Natural Language Understanding (NLU) is an established component within a conversational AI or digital assistant system, and it is responsible for producing semantic understanding of a user request. We propose a scalable and automatic approach for improving NLU in a large-scale conversational AI system by leveraging implicit user feedback, with an insight that user interaction data and dialog context have rich information embedded from which user satisfaction and intention can be inferred. In particular, we propose a domain-agnostic framework for curating new supervision data for improving NLU from live production traffic. With an extensive set of experiments, we show the results of applying the framework and improving NLU for a large-scale production system across 10 domains.
Domain classification is the task to map spoken language utterances to one of the natural language understanding domains in intelligent personal digital assistants (IPDAs). This is observed in mainstream IPDAs in industry and third-party domains are developed to enhance the capability of the IPDAs. As more and more new domains are developed very frequently, how to continuously accommodate the new domains still remains challenging. Moreover, if one wants to use personalized information dynamically for better domain classification, it is infeasible to directly adopt existing continual learning approaches. In this paper, we propose CoNDA, a neural-based approach for continuous domain adaption with normalization and regularization. Unlike existing methods that often conduct full model parameter update, CoNDA only updates the necessary parameters in the model for the new domains. Empirical evaluation shows that CoNDA achieves high accuracy on both the accommodated new domains and the existing known domains for which input samples come with personal information, and outperforms the baselines by a large margin.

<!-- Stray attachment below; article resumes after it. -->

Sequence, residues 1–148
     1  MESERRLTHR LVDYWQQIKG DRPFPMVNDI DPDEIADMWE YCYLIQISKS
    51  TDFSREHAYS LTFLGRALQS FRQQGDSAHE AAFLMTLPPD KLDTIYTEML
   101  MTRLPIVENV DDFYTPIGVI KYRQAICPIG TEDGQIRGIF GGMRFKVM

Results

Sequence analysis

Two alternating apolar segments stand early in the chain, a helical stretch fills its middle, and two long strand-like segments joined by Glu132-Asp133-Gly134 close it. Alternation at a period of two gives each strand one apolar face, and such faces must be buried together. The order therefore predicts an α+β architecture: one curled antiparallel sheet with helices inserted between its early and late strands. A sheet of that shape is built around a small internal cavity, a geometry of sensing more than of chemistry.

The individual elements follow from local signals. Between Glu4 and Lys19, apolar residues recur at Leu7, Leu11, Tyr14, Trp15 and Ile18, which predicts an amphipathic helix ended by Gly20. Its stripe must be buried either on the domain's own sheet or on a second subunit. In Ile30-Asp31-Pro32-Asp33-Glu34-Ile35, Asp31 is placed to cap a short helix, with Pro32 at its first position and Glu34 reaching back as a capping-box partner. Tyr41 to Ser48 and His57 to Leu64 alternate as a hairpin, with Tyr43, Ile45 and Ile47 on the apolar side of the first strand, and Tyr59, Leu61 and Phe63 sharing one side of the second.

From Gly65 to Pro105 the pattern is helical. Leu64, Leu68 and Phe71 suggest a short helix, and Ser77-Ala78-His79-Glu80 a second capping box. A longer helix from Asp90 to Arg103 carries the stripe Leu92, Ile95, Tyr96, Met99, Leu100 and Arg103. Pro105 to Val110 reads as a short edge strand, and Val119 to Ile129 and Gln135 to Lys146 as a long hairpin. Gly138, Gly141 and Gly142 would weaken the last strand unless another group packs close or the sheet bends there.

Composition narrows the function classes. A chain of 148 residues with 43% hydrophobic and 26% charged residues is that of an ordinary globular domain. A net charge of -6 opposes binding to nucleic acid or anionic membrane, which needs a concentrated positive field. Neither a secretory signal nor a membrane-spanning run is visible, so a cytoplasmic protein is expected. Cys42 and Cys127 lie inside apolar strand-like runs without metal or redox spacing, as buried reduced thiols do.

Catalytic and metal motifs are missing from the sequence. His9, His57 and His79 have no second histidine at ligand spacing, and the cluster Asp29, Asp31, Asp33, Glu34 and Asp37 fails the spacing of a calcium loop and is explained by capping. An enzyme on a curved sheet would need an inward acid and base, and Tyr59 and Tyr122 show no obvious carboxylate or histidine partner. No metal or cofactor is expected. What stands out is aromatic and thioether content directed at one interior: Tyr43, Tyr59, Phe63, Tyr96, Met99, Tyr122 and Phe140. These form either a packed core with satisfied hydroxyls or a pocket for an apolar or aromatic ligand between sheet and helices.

We approach the problem of generalizing pre-trained word embeddings beyond fixed-size vocabularies without using additional contextual information. We propose a subword-level word vector generation model that views words as bags of character n-grams. The model is simple, fast to train and provides good vectors for rare or unseen words. Experiments show that our model achieves state-of-the-art performances in English word similarity task and in joint prediction of part-of-speech tag and morphosyntactic attributes in 23 languages, suggesting our model’s ability in capturing the relationship between words’ textual representations and their embeddings.